Lois Apollos was born in Mubi Local Government Area of a Adamawa State 18 years ago, but left home in 2015 in search of better life in Gombe. With only primary school education, she got a job as a restaurant attendant on the outskirts of Gombe metropolis, but later fell out with the restaurant owner, one Madam Rhoda, and left for Alkaleri in Bauchi State.
“There, I met the father of my child, Lawal,who sells Suya at a place called Junction Masuri. I later moved to his one-room apartment,” Lois said.
“When I told him that I was pregnant, he agreed to be responsible, but when he was convinced by his friends, he asked me to go and find the father of my child,” she added.
Confused on where to go next, Lois returned to her parents in Mubi, but according to her, they sent her away, saying they would not harbour her with a pregnancy outside wedlock. She then returned to Gombe, where she revealed her predicament to one Haladu, a yam seller at New Mile 3 along the Gombe-Yola highway, and confided in him that she would also abandon the child after delivery. But Haladu introduced her to a woman, Hadiza, who agreed to take the baby when she put to bed.
“When Hadiza came, she told me that she wanted the baby. I thought she was joking, but when the pregnancy reached nine months, she persuaded me to go to a hospital where a medical doctor induced the labour and I delivered the baby.
After the delivery, she settled the bills and gave me N10, 000 and left for an unknown destination with the child. She also asked me not to return to Mile 3.” But Lois returned to Mile 3, and people started asking her about the baby.
“With no answer to their enquiries, I had to leave the place, to stay with my friend at a village called ACG. But for three weeks after delivering the baby I could not sleep well, so I returned to Haladu and asked him to take me to the woman who took my baby away,” she said. The police later helped her trace Hadiza and recovered the baby.
“The police recovered the child from the woman and gave me a letter to the state Ministry of Women Affairs and Social Welfare which reunited me with my child and brought us to this village in the ministry’s official vehicle,” she said.
The police then invited Lawal, the father of the child, who agreed to take responsibility for the child’s upkeep, but he was not seen afterwards.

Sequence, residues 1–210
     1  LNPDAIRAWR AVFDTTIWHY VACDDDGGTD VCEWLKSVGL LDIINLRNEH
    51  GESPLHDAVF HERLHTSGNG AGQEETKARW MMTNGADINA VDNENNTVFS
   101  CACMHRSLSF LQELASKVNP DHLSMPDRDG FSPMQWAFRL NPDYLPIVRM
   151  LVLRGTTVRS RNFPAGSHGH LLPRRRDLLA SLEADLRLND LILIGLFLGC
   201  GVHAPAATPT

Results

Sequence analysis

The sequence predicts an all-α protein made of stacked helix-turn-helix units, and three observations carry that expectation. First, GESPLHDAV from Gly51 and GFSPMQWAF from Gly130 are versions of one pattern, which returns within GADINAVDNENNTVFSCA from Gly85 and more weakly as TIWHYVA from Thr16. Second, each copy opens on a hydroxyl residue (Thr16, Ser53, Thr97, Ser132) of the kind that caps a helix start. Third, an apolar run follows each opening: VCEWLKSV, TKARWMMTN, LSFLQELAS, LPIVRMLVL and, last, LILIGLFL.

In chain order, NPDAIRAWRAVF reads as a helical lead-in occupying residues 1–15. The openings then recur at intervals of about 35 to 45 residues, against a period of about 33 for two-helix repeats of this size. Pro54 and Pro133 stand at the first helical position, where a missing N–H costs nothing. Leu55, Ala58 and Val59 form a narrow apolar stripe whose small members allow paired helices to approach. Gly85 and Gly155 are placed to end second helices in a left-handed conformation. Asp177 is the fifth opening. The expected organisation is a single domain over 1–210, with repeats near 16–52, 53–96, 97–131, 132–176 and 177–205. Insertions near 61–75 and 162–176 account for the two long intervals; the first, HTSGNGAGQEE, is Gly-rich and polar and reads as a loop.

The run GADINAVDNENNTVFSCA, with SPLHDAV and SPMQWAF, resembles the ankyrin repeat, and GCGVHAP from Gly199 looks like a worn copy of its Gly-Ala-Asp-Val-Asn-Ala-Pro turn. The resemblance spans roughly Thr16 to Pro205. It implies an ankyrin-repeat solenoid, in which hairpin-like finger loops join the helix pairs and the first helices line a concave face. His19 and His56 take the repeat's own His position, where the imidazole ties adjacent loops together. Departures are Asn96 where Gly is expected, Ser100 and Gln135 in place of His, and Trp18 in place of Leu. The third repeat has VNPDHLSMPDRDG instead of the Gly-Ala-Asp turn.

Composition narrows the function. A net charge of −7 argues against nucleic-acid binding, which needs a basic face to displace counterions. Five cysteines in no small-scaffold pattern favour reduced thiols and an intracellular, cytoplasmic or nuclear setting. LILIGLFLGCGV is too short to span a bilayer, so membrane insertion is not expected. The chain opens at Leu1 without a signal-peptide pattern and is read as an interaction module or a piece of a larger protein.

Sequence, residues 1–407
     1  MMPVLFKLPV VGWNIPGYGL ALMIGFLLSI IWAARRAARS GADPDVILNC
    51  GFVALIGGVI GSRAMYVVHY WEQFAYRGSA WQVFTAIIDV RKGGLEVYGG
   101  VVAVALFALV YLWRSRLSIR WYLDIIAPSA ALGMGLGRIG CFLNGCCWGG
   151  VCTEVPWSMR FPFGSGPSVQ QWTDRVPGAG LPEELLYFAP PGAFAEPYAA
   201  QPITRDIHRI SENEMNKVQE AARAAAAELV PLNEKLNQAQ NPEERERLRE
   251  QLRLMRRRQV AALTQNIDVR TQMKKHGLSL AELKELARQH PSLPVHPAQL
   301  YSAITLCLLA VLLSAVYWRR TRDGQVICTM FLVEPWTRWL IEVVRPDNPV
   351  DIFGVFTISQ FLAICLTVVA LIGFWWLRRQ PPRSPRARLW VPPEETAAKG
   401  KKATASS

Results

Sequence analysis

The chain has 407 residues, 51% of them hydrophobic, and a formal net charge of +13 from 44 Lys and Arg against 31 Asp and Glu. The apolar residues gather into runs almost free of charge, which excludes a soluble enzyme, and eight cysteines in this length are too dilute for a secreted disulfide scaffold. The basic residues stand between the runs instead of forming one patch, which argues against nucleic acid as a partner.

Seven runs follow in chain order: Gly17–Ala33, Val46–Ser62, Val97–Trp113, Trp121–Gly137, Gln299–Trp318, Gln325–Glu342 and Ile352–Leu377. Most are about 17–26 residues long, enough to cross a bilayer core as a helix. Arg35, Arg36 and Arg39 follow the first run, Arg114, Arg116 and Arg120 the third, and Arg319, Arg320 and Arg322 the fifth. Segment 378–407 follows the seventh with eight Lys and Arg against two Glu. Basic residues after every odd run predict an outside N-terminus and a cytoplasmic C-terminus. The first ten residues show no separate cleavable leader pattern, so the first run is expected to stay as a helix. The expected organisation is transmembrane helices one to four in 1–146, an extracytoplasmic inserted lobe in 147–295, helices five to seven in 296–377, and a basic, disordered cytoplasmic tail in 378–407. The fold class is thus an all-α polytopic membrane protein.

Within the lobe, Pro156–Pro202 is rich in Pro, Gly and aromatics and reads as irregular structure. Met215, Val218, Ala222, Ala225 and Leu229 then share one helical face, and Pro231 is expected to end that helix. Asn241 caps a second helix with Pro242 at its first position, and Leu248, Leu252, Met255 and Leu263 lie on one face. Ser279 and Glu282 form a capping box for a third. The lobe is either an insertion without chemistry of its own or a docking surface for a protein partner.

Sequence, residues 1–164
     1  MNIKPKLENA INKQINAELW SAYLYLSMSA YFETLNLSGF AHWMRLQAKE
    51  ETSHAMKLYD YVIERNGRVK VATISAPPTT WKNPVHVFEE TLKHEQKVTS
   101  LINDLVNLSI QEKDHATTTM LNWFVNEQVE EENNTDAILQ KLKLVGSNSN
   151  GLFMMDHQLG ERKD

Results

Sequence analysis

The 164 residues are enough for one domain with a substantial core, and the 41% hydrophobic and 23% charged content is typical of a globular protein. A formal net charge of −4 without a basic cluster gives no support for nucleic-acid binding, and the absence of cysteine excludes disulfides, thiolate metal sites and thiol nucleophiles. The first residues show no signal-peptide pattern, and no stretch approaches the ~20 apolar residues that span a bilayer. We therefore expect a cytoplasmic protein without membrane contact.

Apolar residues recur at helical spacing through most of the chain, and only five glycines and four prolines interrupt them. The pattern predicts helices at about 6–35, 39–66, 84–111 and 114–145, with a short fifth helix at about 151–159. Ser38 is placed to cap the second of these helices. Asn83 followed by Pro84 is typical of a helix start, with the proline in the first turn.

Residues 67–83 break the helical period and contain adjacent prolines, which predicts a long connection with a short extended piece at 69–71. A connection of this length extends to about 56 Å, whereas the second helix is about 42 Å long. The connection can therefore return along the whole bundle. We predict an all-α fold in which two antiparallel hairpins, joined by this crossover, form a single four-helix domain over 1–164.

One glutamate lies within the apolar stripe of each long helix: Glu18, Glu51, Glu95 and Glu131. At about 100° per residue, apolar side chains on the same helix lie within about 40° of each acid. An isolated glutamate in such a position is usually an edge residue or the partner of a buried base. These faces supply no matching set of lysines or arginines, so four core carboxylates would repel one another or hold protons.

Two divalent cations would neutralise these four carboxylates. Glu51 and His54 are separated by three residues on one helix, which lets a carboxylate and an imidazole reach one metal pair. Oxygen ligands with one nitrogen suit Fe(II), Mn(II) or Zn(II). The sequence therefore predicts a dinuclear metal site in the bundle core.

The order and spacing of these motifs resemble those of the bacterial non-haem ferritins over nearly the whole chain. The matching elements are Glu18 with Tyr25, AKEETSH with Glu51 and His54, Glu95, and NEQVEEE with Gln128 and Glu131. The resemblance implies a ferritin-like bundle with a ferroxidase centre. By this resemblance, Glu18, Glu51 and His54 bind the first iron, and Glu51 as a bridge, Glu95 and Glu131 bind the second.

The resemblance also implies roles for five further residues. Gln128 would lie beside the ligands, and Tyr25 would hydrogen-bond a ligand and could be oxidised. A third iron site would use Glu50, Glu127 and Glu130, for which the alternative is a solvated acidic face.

“When the police invited him, he came, and agreed that he was responsible for my pregnancy and would now take responsibility for the child’s upkeep. Hadiza was crying when they took the child from her, begging us to leave him to her,” she added.
When Daily Trust visited Lois at the ACG village along the Gombe-Yola highway earlier this week, she was cuddling her one-month-old baby under a tree at about noon, singing softly. She said she was starving, having not eaten since the previous night. Lois also said the baby is not named yet.
“Since my reunion with the child and subsequent relocation to this village about two weeks ago, neither the officials of the ministry nor the father has visited me. Baby is ill and I don’t have enough breast milk to give him. Because he was away from me for about a month, the breast milk has ceased and I do not eat good food to stimulate the flow,” she said.
When Daily Trust contacted the Ministry of Women Affairs and Social Welfare, the officials denied knowledge of the case. The Director of Social Welfare at the ministry, Mr. Endiley Mailafiya, said his office was not aware of the case.
However, the Gombe State Police Command Police Public Relations Officer, DSP Obed Mary Malum, confirmed the incident, saying the command actually recovered and handed over the child to his mother, Lois.
“We have since reunited the baby with his real mother through the state Ministry of Women Affairs and Social Welfare,” DSP Malum said.